Applied for a Mortgage? Beware of Scam Letters
When it comes time to purchase a home, refinance your mortgage, or move into a new rental property there is a lot of important information to consider. Large financial decisions are always going to involve a certain amount of tension, but there is also plenty of excitement on these occasions. If you have done any research on the important factors for mortgages and homeowner financing, then you probably already know where the process can become difficult or stressful. What you may not know is that simply by beginning the process in the first place, you may be opening yourself up to trouble from mortgage trigger leads. These leads are really only a concern if you don’t know what they are and why they are a problem, so a brief discussion can help you avoid a lot of trouble in the long run.
If you have ever made a major financial purchase in your life then you probably know at least a little bit about credit checks. There are only a few major credit bureaus operating in the United States, and they play an important (but imperfect) role in the financial system. Credit bureaus are used by different institutions, such as banks and car dealerships, to perform credit checks on prospective buyers. By combing through your financial history, the bureaus can recommend appropriate loan conditions and interest rates on large purchases, or decline the purchase agreements altogether. In an ideal world, credit bureaus would ensure that people only enter into loan agreements and purchases that make sense for them and the seller.
Our world is not perfect, and there are plenty of issues to be concerned about when it comes to credit bureaus. One of the biggest problems is the use of mortgage trigger leads. If you go to a bank to apply for a mortgage loan on a new home, the bank will contact credit bureaus to perform a check on your financial history. This information, you might hope, would stay private between the bank and the bureau – but it doesn’t. As soon as credit bureaus know that you have applied for a loan, they will sell that information to a variety of third parties. These other businesses could range from any number of other mortgage providers, of varying degrees of legitimacy. These ‘tips’ on prospective buyers are known as trigger leads.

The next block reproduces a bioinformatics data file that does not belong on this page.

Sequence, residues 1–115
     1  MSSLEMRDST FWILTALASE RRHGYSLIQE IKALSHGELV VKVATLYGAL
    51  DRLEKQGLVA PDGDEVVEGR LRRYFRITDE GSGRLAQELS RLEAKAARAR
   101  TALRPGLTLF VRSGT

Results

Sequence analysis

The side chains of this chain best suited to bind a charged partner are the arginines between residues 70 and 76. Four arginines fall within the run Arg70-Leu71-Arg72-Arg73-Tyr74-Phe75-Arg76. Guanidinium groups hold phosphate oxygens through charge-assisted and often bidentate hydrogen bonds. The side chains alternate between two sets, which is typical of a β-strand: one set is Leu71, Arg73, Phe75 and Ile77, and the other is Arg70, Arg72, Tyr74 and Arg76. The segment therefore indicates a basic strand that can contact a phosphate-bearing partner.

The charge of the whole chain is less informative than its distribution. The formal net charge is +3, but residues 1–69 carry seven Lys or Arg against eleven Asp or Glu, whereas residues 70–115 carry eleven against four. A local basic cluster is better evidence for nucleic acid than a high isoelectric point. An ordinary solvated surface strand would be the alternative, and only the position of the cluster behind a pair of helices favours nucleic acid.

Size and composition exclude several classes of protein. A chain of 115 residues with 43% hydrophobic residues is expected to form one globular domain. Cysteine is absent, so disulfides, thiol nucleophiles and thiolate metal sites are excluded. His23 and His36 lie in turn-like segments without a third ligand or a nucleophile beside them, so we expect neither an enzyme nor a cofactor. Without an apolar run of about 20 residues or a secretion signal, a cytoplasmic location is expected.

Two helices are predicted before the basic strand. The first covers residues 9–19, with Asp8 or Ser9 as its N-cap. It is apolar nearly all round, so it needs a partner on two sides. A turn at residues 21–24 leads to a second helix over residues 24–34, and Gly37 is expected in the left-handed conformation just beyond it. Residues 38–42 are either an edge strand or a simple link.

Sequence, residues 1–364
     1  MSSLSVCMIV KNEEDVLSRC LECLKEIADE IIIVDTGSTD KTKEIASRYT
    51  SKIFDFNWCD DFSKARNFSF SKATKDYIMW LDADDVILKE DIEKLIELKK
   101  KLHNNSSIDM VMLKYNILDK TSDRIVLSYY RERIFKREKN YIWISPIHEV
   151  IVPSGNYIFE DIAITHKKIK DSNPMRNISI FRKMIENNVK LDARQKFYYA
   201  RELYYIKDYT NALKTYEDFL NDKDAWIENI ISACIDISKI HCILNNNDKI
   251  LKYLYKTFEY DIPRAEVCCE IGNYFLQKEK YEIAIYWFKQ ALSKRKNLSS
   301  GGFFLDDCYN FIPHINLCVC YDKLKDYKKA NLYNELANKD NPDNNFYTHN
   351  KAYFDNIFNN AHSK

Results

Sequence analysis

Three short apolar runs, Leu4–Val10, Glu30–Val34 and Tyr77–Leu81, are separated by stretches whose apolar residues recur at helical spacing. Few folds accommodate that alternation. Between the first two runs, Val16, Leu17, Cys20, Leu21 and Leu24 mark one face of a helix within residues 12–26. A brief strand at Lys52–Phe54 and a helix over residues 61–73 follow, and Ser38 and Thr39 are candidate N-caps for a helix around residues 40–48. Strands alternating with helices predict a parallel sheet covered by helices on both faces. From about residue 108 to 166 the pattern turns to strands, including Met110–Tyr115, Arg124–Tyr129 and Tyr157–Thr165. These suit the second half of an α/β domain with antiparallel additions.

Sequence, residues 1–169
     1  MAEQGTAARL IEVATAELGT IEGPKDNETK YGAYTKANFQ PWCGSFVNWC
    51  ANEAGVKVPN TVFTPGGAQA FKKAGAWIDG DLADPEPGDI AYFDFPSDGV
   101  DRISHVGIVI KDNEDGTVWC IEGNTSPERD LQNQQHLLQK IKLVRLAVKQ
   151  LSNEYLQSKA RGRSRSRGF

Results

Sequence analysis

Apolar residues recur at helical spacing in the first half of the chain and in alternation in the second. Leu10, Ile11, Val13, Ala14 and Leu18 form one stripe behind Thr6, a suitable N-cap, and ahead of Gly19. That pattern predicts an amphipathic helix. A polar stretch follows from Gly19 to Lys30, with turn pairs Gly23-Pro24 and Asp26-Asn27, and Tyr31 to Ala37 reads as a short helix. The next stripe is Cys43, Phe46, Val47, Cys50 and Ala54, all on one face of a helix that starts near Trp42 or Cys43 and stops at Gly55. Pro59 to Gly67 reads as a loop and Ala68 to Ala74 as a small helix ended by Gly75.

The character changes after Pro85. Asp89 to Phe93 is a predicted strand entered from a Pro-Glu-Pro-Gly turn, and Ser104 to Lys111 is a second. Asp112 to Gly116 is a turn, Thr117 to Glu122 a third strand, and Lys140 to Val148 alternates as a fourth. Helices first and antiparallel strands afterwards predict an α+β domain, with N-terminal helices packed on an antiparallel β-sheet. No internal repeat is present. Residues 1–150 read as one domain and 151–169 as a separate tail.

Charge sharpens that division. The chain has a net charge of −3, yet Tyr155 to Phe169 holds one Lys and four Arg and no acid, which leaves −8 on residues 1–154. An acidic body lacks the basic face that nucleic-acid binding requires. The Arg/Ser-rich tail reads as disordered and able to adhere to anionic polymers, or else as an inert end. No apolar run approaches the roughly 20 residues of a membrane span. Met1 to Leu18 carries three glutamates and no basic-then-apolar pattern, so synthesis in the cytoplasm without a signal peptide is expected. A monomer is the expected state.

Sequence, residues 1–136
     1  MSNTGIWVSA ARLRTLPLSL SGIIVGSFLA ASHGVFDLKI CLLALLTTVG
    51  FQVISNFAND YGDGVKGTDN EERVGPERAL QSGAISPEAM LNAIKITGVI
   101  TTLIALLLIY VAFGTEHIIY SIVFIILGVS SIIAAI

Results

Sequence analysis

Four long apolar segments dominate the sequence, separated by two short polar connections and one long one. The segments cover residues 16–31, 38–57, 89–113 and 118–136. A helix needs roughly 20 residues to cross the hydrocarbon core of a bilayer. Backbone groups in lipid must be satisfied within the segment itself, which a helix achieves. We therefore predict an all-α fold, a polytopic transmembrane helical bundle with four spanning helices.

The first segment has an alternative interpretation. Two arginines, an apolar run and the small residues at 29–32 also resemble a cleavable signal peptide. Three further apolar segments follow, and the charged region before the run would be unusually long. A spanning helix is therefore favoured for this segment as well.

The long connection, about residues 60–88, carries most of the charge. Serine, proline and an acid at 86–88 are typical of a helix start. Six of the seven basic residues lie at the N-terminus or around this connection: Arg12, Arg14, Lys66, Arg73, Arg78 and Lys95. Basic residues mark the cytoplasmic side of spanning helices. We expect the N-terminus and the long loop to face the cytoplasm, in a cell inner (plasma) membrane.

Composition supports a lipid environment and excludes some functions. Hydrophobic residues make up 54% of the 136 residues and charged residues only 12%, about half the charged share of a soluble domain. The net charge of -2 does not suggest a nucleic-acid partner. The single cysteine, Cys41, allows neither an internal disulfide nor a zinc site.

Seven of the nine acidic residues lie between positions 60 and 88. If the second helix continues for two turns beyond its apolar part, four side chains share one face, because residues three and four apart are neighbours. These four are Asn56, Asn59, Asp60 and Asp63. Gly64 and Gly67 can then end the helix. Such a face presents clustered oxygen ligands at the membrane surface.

Unlike telemarketing calls, there are a lot of people who are not aware that mortgage trigger leads exist. As a result, unassuming homebuyers can be lured into unscrupulous agreements with shady loan providers who smell blood in the water. Because it is rare to make such large financial decisions on a regular basis, most people simply do not know to be wary of trigger leads.
If you receive any phone calls, emails or solicitations following a loan application, always use shrewd judgment. Or work with experienced professionals like Mortgage Maestro Group to avoid any unwanted solicitations. In the Denver Metro area and have questions? Contact us here.